The Vertex software suite offers the most advanced analysis of any plasma measurement instrument on the market today. Carefully crafted over the past ten years by some of the world’s leading scientists in Plasma Measurement. The analysis has been peer reviewed in multiple publications and cited in hundreds. The user interface is designed to be easy to use and clutter free reducing the need to spend time figuring out how to use the system.

Sensor Holder

The Vertex sensor holder sits at the substrate position inside a plasma reactor. It can be placed at any position and even on a biased electrode. It can withstand temperatures up to 250°C without the need for cooling. The main purpose of the sensor holder is to hold the replaceable Button Probe sensors and to provide the customer with the option to match the holder size to that of their electrode or substrate. The holders are available in 100 mm, 150 mm, 200mm, 300mm, 450mm as standard and custom size holders are available on request.Holder Options

Replaceable Button Probe

Button ProbesDue to the harsh environments inside most plasma reactors we have designed the sensors to be replaceable. Depending on factors such as deposition rate and corrosive chemistries the sensors can have a life time from 10’s of hours to 100’s of hours inside a plasma reactor. With this in mind we have designed the sensor (Button Probe) to be disposable. Once the measurements start to drift you can simply replace the sensor and continue your measurements with very little down time.

Installation

Time in the lab is expensive and with this in mind we have designed our systems to allow users to be up and running is a very short period of time. For the beginner we have a “quick start” mode which allows users get the data they need as soon as they pump down their reactor and for the more advanced user we allow full access to the raw data.

Measuring Parameters

Aspect Ratio Range 0.5 to 20
Aspect Ratio Resolution 0.5
Ion Energy Range 2000eV - Vdc
Ion Current 1mA DC max
Ion Flux Range 0.01 - 50 (A/m²)
IEDF Resolution ± 1eV nominal

Probe Bias Conditions

Max RF Bias Voltage 1kV pk-to-pk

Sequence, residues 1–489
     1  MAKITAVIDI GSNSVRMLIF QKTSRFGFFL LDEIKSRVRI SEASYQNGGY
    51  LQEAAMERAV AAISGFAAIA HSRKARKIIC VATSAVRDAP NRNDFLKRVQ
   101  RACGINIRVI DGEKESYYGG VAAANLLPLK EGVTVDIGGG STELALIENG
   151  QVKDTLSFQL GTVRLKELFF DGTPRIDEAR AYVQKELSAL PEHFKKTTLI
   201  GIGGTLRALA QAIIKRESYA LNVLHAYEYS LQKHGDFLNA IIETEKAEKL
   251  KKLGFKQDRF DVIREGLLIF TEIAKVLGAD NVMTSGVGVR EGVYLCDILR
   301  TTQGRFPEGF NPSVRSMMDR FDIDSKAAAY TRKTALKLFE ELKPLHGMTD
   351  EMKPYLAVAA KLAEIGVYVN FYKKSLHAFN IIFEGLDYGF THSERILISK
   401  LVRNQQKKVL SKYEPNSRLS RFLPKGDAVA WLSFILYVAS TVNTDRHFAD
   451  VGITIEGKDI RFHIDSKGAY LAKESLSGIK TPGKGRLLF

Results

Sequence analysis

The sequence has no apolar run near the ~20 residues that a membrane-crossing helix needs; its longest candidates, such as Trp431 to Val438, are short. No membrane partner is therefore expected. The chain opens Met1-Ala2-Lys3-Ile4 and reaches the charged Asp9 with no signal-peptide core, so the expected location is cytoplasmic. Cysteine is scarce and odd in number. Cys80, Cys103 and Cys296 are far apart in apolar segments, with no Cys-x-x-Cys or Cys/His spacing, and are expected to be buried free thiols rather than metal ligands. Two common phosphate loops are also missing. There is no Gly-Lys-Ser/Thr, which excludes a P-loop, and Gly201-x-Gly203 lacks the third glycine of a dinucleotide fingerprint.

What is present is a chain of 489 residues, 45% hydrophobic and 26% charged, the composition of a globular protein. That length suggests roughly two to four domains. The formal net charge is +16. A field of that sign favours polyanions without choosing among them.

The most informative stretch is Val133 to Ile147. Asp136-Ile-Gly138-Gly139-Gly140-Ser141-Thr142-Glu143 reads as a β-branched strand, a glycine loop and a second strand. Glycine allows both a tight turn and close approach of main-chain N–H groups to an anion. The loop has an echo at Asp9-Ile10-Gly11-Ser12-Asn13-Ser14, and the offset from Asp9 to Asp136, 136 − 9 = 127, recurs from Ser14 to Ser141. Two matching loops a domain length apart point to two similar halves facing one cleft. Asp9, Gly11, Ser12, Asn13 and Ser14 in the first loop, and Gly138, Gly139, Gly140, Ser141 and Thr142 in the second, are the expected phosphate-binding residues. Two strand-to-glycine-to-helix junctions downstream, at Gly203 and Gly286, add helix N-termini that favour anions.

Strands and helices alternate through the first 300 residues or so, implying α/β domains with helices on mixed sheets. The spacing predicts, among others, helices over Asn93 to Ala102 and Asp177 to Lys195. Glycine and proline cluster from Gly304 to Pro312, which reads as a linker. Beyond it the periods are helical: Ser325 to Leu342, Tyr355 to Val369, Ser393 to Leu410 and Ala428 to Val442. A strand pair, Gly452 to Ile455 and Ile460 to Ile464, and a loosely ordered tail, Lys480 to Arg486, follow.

Max DC Bias Voltage -1940V
Bias Frequency Range (Time Averaged Measurements) 100kHz to 80MHz
Bias Frequency Range (Time Resolved Measurements) 0Hz to 100kHz
Time Resolution 100 µs

*for pulsed plasmas with Vertex mounted on a grounded or floating electrode

RFEA Probe

Number of Sensors 1
Probe Configuration 4-grid
Button Probe Diameter 33mm
Holder Diameter 50mm, 100mm, 150mm, 200mm, 300mm and custom shapes
Holder Thickness 5mm
Max Operating Temperature 200ºC
Mounting RFEA Probe holder mounted on electrode
Probe Enclosure and Holder Material Aluminium, anodized aluminium, stainless steel* and ceramic (Al2O3)*
RFEA Probe Cable Length 650mm standard (custom available)

*on request

Feed-Through Assembly

Flange Type CF40 (Custom Available)

Control Unit Electronics

Grid Voltage Range -2kV to +2kV
Current Range 100pA to 2.4mA
Connectivity USB 2.0

Application Software

Operating System Windows 2000 / XP / Vista / Windows 7 / Windows 8

Operating Parameters

Pressure (Pascal) 0 to 40Pa*
Pressure (Torr) 0 to 300mTorr*
Density (for Ar at 3eV) 1012 to 1018m-3
Gas Reactivity Inert to highly reactive

*dependent on ion mean free path

The Vertex Single Sensor used in Dusty Plasma applications
Coming soon
The Vertex Single Sensor used in Plasma Etching applications
Coming soon
The Vertex Single Sensor used in HiPIMS Plasma applications
Coming soon
The Vertex Single Sensor used in Ion Beam Plasma applications
Coming soon
The Vertex Single Sensor used in PECVD applications
Coming soon
The Vertex Single Sensor used in Space Plasma applications
Coming soon
The Vertex Single Sensor used in Plasma Sputtering applications
Coming soon

Overview

The incoming ions have an energy component in the X direction perpendicular to the sampling aperture EI and an energy component in the Y direction EII parallel to the sampling aperture

Incoming Ion Angle

Variable Aspect Ratio

The aspect ratio determines if the EII energy component is such that the ion gets collected at the aperture electrodes or passes through the apertures for detection at the collector of the RFEA.

Incoming Ion Angle

Variable Aspect Ratio Using a Variable Bias

The electric field applied in the EI direction determines if the EII energy component is such that the ion gets collected at the aperture electrodes or passes through the apertures for detection at the collector of the RFEA.

Incoming Ion Angle

Aperture Between Grid 2 and Grid 3

Incoming Ion Angle

Theory